KODIAK — More than half a century ago, before king crabs were the royalty of Kodiak’s fishery, ships sailed from the island to hunt a more elusive foe — tuberculosis.
From 1945 to 1956, the hospital ships Hygene, Health and Yukon Health cruised the bays and rivers of rural Alaska, waging a successful war against a disease that afflicted many in the territory.
Now, Juneauite and Harvard University student Kirsten Jorgensen is attempting to compile the history of these ships, and she is asking for the help of people in the Kodiak Archipelago.
“The more personal stories and experiences I hear, the more well rounded the history I can present,” she said from Juneau, where she has been visiting the state archives before flying back to Harvard.
Jorgensen said she wants to uncover a piece of history that related to her home but wasn’t well understood.
“I stumbled across these boats that were used in the ’40s and ’50s to deliver health care to rural coastal communities,” she said. “The further I delved into it, the more I realized Alaska at the time was facing some of the highest rates of tuberculosis in the world.”
Alaskans along the Yukon River had an 89 percent chance of getting tuberculosis. On the Alaska Peninsula and in the Aleutian Islands, that chance was 30 to 40 percent, and polio was still a major threat.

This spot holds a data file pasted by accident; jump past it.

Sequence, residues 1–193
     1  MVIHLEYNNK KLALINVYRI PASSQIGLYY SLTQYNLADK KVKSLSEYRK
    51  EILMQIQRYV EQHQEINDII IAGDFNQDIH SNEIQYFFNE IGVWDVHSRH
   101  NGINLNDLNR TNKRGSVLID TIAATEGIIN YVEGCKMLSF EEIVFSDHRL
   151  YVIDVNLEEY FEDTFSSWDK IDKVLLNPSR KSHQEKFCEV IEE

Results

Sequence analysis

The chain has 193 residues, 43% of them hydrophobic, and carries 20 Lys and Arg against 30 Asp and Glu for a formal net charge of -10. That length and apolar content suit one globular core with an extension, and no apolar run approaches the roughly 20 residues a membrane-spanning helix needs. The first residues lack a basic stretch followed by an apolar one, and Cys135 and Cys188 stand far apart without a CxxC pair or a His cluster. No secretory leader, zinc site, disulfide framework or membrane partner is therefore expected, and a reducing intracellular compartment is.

To address the problem, the U.S. Public Health Service converted three World War II surplus ships into mobile hospitals. They could carry far more equipment than airplanes, at a fraction of the cost.
“A lot of what the health ships did was almost a survey,” Jorgensen said. At each village on their route, the ships performed X-rays to check for tuberculosis, performed physical exams, checked for crippled children, and inspected cases of venereal disease.
“They provided any sort of care they could as needed,” Jorgensen said. “A lot of the communities these boats visited had never seen a doctor, ever.”
In the end, the program was wildly successful, reducing tuberculosis deaths from hundreds in the 1940s to just a handful by the mid-1950s. Jorgensen said the reaction to the program, according to interviews she has conducted so far, was entirely positive.
But Jorgensen said that may simply mean she hasn’t reached enough people.
“Rarely when you’re working with people does anything go perfectly,” she said. “Maybe you hear from 90 people, and the next person says, ‘No, this is not good.’ … That may be a bad thing in a science experiment, but it’s a good thing in a history.”
She particularly needs people from the Alaska Peninsula and the Aleutians to get in contact with her to share their stories.
“The people in the Aleutians just really were sometimes without any contact other than the ships,” she said. “That’s a really interesting perspective to get in terms of what a difference the boat made or didn’t.”
Jorgensen said she doesn’t expect her project to be finished until spring 2012, so there is plenty of time for people to get in touch with her, but sooner is better.
“I’m looking to hear from people between now and December,” she said.
Jorgensen can be reached at 907-321-4448 or by email at firstname.lastname@example.org.
Contact Mirror editor James Brooks at email@example.com.